Teacher’s union caught lying and cheating in school board races
The Office of Administrative Hearings (OAH) recently fined Dakota County United Educators, a local chapter of the state teacher’s union, for failing to report campaign expenditures in a timely fashion. This is the second election in a row a local affiliate of Education Minnesota has been fined for the same exact violation (the Lakeville teacher’s union was fined $500 for failing to report expenditures in the 2022 election).
According to the judge’s order, Education Minnesota has been advising their local affiliates to knowingly and willfully violate state campaign finance law when filing reports about spending in local school board races. The smoking gun for this illegal behavior came in the form of an email from the state union advising local chapters “if you have not received invoices yet, you do not need to file until you receive them.” Since Education Minnesota was the “vendor” in these cases, they would purposefully wait until after the election to invoice the local unions for campaign expenditures, thus hiding them from their opponents and the public.
As the judge pointed out, the union’s practice is a blatant violation of state law, which requires candidates and committees to report expenditures when they are “promised” or “pledged.”
Dakota County United Educators hid $36,000 of spending on postcards, flyers and lawn signs until after the election.
As the dust settles on the 2023 school board elections, and more local unions are exposed for hiding expenditures from the public based on Education Minnesota’s illegal advice, when does this become a conspiracy?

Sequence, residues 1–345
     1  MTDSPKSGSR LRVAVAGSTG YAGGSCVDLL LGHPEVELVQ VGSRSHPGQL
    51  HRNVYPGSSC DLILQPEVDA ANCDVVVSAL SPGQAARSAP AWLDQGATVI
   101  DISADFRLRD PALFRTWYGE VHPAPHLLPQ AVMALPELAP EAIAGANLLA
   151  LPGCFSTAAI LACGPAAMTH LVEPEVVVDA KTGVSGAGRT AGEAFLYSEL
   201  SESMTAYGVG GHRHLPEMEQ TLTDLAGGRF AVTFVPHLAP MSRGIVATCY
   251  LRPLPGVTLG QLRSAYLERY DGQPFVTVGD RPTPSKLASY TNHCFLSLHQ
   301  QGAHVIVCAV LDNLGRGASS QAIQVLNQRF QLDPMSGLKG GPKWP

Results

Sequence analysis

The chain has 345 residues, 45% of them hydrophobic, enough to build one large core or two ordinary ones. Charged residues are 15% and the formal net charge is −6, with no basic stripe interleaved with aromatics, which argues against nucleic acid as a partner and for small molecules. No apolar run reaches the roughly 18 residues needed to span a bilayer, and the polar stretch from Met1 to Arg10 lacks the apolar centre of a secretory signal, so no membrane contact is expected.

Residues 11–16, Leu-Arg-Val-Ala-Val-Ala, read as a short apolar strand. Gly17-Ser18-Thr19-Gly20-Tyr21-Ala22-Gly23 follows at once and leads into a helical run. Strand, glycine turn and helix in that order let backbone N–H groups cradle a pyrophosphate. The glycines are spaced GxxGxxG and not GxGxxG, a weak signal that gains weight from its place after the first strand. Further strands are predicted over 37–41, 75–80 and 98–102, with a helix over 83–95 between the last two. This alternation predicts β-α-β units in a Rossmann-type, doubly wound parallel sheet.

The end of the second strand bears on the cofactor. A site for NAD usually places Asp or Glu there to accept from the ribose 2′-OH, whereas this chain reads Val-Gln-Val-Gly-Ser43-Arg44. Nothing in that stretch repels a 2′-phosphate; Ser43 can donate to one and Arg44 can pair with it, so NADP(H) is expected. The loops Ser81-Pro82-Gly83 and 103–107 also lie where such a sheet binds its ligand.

Teachers are always at the top of the list of most respected professions, but how long will that last in Minnesota when their state leadership continues to cheat and lie during election season with their win-at-all-cost mentality? Perhaps this is one of the reasons teachers are leaving the state union at such an alarming rate.
Wild, Wild West of Local Campaigns
As candidates and outside groups continue to spend more and more on local campaigns, one thing has become clear: campaign finance for county, city and school board candidates in Minnesota is an unregulated mess. The Minnesota statute book has an entire chapter (10A) dedicated to governing legislature and statewide elections. There is also a state agency called the Minnesota Campaign Finance and Public Disclosure Board set up to monitor the campaign donations and spending for state races. Meanwhile, campaigns for local government offices have very few reporting rules and rely entirely on the honor system for compliance — no single agency oversees these campaigns or their reporting.
You only have to spend ten minutes looking at local election reports (filed with the school board, city or county government) to find glaring irregularities and violations of law. Outside of political opponents or campaign finance nerds like me, no one ever looks at campaign finance reports for local races. There is no state or local agency charged with compliance. If a violation occurs, someone has to file a complaint with an administrative law judge who will determine probable cause, hold a hearing and then make a decision. Sometimes that decision includes a modest fine, like the two examples above.
There are some campaign finance rules for local races, mostly involving contribution limits and a loose reporting schedule. The underlying principle in all campaign finance rules is transparency. Campaigns are required to share with the public where their money comes from and how they are spending it. For most local races, the contribution limit is $600 per person and as soon as you receive or spend $750, you have 14 days to file a public report. After that initial report, a candidate is expected to file reports 10 days before the primary, 10 days before the general election and 30 days after a general. Again, no state or local agency will notice if you are late or if you even bother to file a report at all.
Education Minnesota is not the only entity breaking campaign finance laws in local elections. Watch for a follow up piece with more examples next week.